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University of Illinois Extension serving Christian, Jersey, Macoupin and Montgomery Counties

Montgomery County
#1 Industrial Park Dr.
Hillsboro, IL 62049
Phone: 217-532-3941
FAX: 217-532-3944
Hours: Monday - Friday 8 am to 12 pm; 1 pm to 4:30 pm

Christian County
1120 N Webster St.
Taylorville, IL 62568
Phone: 217-287-7246
FAX: 217-287-7248
Hours: Monday - Friday 8 am to 11:30 am; 12:30 pm to 4:30 pm

Jersey County
201 W. Exchange St.
Suite A
Jerseyville, IL 62052
Phone: 618-498-2913
FAX: 618-498-5913
Hours: Tuesday & Wednesday 8 am to 12 pm; 1 pm to 4 pm and Thursday 8 am to 12 pm

Macoupin County
#60 Carlinville Plaza
Carlinville, IL 62626
Phone: 217-854-9604
FAX: 217-854-7804
Hours: Monday - Thursday 8 am to 12 pm; 1 pm to 4:30 pm

News Release

Data-intensive farm management program receives $2.4 million grant, seeks participants

Source: David Bullock, 217-333-5510,

News writer: Lauren Quinn, 217-300-2435,

URBANA, Ill. – The USDA National Institute of Food and Agriculture recently announced a $2.4 million grant through its Agriculture and Food Research Initiative to fund an interdisciplinary program led by researchers at the University of Illinois. The data-intensive farm management (DIFM) program will use precision agriculture technologies to run full-field, on-farm agronomic trials that change application rates of nitrogen fertilizer. The data generated from the project will help farmers manage nitrogen application to increase profits and reduce nutrient runoff.

Until now, precision agriculture technology’s potential for improving farm management has not yet been fully realized.

“What we’re doing differently is changing the management variables,” says U of I agricultural economist David Bullock. “We’re characterizing the fields and taking yield data, but we’re also going to be changing nitrogen application rates on a fine scale throughout each field. This will generate a lot of information on what works and what doesn’t.”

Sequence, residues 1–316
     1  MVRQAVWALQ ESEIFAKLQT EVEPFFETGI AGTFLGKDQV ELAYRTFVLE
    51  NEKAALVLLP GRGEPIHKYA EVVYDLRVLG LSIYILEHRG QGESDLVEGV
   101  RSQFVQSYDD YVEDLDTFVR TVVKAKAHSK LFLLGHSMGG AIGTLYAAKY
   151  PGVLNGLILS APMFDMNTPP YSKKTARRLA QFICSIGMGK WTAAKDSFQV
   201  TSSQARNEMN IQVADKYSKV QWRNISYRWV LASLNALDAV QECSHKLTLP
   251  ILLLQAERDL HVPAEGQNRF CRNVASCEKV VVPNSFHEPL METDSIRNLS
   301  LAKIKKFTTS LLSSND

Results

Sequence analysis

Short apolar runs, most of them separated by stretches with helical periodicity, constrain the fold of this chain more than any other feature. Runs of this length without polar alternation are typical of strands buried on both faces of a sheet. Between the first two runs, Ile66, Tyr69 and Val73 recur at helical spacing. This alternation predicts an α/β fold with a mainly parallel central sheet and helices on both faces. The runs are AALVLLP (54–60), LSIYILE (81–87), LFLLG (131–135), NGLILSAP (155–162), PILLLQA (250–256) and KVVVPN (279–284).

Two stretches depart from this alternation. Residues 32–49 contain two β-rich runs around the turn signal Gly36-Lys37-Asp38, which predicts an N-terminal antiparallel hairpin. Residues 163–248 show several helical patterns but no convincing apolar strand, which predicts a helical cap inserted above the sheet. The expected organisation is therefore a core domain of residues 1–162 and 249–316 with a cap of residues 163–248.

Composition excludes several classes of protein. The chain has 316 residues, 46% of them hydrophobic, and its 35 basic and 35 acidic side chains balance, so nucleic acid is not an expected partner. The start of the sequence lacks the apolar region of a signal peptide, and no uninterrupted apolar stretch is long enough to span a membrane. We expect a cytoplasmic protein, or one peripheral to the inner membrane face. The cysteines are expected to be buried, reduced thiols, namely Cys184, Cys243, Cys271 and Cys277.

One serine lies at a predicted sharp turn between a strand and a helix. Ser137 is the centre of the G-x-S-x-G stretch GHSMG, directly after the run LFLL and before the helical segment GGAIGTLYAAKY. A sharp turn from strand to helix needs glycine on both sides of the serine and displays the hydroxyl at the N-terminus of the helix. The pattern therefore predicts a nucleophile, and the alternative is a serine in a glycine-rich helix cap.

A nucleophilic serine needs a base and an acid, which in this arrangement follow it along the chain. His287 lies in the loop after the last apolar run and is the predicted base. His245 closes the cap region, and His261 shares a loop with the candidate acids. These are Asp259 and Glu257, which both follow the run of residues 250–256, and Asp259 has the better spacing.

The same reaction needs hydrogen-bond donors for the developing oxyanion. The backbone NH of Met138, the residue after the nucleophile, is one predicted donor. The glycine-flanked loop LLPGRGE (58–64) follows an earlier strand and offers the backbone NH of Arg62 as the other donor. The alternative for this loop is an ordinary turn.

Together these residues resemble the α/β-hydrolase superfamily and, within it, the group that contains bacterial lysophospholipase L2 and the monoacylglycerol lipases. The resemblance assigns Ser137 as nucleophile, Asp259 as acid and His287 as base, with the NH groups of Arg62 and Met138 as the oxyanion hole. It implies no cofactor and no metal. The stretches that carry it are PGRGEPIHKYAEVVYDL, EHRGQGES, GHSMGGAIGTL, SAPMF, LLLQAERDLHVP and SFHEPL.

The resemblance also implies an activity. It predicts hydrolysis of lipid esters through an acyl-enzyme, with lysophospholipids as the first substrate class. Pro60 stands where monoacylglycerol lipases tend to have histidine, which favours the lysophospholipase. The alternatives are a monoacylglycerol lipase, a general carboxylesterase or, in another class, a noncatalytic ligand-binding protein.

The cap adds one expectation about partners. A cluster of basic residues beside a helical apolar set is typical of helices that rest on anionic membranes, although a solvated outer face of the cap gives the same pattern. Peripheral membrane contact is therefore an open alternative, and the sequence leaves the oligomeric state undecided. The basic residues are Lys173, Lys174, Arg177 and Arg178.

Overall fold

The team of 28 researchers and extension personnel from six universities will be coordinating on-farm experiments across 100 fields in Illinois, Nebraska, Kentucky, Argentina, and Uruguay over the four-year study period. In addition to generating a substantial amount of data, the ultimate aim of the project is to develop software that will communicate management ideas to farm advisors. Once that software is developed, the researchers hope to run trials on thousands of farms.

“Because all our experiments will be run on a common framework, we will end up with a lot of data,” Bullock reports. “We’re going to use cutting-edge statistical and economic analysis to determine how different farm characteristics affect optimal application rates.”

Existing management recommendations are often geared toward entire regions or cropping systems, without taking site-specific data into account. The researchers estimate that, after a few years, they will be able to give farmers profitable advice based on experimentation done in their specific fields.

“That’s revolutionary,” says Bullock.

The researchers are seeking farmers to participate in the study. Although farms will become experimental sites, disruption to farmers will be minimal. Experimental protocols will be automatically programmed into farm machinery, meaning farmers simply need to drive their machines as usual. Importantly, farmers will be fully compensated for any losses throughout the experimental period. They will also receive $500 for their participation in the project. 

Interested parties can email David Bullock ( or Don Bullock ( for more information and to sign up.


Local Contact: Gary Letterly, Extension Educator, Energy and Environmental Stewardship,